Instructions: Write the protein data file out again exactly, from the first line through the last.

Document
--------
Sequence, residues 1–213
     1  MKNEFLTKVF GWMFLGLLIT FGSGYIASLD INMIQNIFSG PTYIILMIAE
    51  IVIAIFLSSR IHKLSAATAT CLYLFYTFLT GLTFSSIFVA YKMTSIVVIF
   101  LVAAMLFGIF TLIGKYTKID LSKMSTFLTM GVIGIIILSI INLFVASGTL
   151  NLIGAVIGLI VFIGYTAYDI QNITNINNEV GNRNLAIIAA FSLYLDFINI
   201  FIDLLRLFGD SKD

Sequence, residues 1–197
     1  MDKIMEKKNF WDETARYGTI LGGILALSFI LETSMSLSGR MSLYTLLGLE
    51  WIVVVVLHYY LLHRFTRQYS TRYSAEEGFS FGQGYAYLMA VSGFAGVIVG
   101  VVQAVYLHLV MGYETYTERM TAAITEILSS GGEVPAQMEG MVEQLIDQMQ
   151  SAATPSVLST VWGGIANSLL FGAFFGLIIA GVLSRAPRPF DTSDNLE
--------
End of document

Sequence, residues 1–213
     1  MKNEFLTKVF GWMFLGLLIT FGSGYIASLD INMIQNIFSG PTYIILMIAE
    51  IVIAIFLSSR IHKLSAATAT CLYLFYTFLT GLTFSSIFVA YKMTSIVVIF
   101  LVAAMLFGIF TLIGKYTKID LSKMSTFLTM GVIGIIILSI INLFVASGTL
   151  NLIGAVIGLI VFIGYTAYDI QNITNINNEV GNRNLAIIAA FSLYLDFINI
   201  FIDLLRLFGD SKD

Sequence, residues 1–197
     1  MDKIMEKKNF WDETARYGTI LGGILALSFI LETSMSLSGR MSLYTLLGLE
    51  WIVVVVLHYY LLHRFTRQYS TRYSAEEGFS FGQGYAYLMA VSGFAGVIVG
   101  VVQAVYLHLV MGYETYTERM TAAITEILSS GGEVPAQMEG MVEQLIDQMQ
   151  SAATPSVLST VWGGIANSLL FGAFFGLIIA GVLSRAPRPF DTSDNLE